Great Basin Naturalist Memoirs


About 22 percent of the pigmy conifer woodlands of the United States occur within the Great Basin. Only a very few reports of these woodlands exist in the literature. Available reports are either of general descriptive nature or specific analysis of vegetation-environmental relationships on one mountain range. In order to better understand basin-wide synecological patterns, a cooperative study was carried out by personnel at Utah State University and the University of Nevada-Reno between 1972 and 1975. Vegetation, landform, geology, and soils data obtained from 463 systematically placed stands on a randomly chosen set of 66 mountain ranges have been used to derive patterns of latitudinal, longitudinal, and altitudinal variation in the floristic diversity in juniper-pinyon dominated woodlands across the Great Basin.
The latitudinal-longitudinal patterns show greatest environmental and floristic diversity on the higher mountain ranges on the southern end of the Central Plateau portion of the study area where the Great Basin-Mojave Desert transition occurs. This is also where the elevation breadth of the woodland belt is greatest. Juniper-pinyon woodlands are largely lacking from northwestern Nevada. The lowest elevations for the type are found in the Dixie Corridor centered in southwestern Utah. The general elevation of these woodlands is highest in the west-central part of the Great Basin and declines both toward the Sierra Nevada on the west and the Wasatch Front-High Plateaus on the east.
Use of the equilibrium theory of island biography gave incomplete explanations of the diversity patterns observed. Certain conceptual and methodical problems forced by this overly simplistic theory are discussed. The best correlations obtained were between species richness and index of ecotopic diversity.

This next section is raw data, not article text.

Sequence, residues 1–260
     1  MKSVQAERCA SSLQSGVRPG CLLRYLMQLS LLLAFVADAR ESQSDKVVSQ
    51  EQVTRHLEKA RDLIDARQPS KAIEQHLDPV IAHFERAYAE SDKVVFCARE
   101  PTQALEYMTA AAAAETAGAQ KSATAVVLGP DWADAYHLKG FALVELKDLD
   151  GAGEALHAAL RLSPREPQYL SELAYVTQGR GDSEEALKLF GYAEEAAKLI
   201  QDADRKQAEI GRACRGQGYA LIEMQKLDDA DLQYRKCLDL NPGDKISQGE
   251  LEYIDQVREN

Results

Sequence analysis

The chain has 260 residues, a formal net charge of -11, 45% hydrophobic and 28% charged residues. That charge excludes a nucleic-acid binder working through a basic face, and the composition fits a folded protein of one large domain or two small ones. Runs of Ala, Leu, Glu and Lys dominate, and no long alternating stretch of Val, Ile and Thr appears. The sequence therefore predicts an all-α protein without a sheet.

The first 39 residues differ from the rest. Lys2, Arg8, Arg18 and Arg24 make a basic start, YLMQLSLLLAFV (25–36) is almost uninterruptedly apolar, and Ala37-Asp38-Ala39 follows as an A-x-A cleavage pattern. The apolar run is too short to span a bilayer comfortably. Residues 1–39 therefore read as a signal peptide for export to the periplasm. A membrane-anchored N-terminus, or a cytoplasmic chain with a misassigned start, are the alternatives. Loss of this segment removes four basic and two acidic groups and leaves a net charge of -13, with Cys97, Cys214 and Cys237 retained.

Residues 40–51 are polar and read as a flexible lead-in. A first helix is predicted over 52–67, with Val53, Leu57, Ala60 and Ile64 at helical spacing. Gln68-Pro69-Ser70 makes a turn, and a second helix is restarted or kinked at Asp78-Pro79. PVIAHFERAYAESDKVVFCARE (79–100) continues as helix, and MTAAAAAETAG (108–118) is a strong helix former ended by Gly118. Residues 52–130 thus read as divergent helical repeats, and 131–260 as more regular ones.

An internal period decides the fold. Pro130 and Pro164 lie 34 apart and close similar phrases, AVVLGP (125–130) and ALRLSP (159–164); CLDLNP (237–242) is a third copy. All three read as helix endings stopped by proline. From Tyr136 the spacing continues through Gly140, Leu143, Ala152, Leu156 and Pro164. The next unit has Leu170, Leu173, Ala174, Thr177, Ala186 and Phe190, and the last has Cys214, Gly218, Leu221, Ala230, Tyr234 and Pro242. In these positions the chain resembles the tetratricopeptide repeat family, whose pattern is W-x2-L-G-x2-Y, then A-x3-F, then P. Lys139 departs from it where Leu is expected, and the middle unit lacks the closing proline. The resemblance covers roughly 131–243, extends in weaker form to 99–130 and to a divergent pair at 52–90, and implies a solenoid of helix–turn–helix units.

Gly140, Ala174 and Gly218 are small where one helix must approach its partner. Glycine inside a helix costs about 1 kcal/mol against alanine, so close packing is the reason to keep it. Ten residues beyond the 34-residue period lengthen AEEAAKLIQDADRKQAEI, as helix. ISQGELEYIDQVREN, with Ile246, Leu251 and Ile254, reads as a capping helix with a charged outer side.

Correlations of Basin-wide patterns of woodland floristics with surficial geology, landforms and soils is nondiscriminatory. However, broad-scale, phytogeographical variations in these woodlands are closely associated with climatic differences. Although much direct climatic data are lacking, it seems likely that the relative contributions of the transitory frontal system moving inland from the Pacific, continental cyclones developing over the Great Basin, and convectional storms associated with the moist air from the Gulf of Mexico to induce precipitation at different seasons are regionally important in the causation of vegetation distribution and composition.
The instability of temperature inversions is a likely determinant of the position of woodlands along the northern boundary of the type. The Pacific frontal systems break the inversions most readily and are thought to be the major cause for the lack of this vegetation in northwestern Nevada and on exposed mountain ranges along the northern boundary of the type. Such observations provide leads for relevant ecophysiological research to support or reject these notions.